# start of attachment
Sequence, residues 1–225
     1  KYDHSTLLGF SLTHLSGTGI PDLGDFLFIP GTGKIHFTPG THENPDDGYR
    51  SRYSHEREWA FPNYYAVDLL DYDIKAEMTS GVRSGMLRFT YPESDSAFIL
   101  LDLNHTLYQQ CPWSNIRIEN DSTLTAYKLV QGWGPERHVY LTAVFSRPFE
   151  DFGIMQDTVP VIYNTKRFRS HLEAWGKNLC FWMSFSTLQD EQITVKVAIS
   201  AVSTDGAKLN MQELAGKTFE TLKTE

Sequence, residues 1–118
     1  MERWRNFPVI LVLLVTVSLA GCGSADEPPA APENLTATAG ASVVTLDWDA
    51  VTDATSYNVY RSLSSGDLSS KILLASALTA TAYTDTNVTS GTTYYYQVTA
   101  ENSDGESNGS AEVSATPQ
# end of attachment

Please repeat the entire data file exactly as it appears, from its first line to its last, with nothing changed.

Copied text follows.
Sequence, residues 1–225
     1  KYDHSTLLGF SLTHLSGTGI PDLGDFLFIP GTGKIHFTPG THENPDDGYR
    51  SRYSHEREWA FPNYYAVDLL DYDIKAEMTS GVRSGMLRFT YPESDSAFIL
   101  LDLNHTLYQQ CPWSNIRIEN DSTLTAYKLV QGWGPERHVY LTAVFSRPFE
   151  DFGIMQDTVP VIYNTKRFRS HLEAWGKNLC FWMSFSTLQD EQITVKVAIS
   201  AVSTDGAKLN MQELAGKTFE TLKTE

Sequence, residues 1–118
     1  MERWRNFPVI LVLLVTVSLA GCGSADEPPA APENLTATAG ASVVTLDWDA
    51  VTDATSYNVY RSLSSGDLSS KILLASALTA TAYTDTNVTS GTTYYYQVTA
   101  ENSDGESNGS AEVSATPQ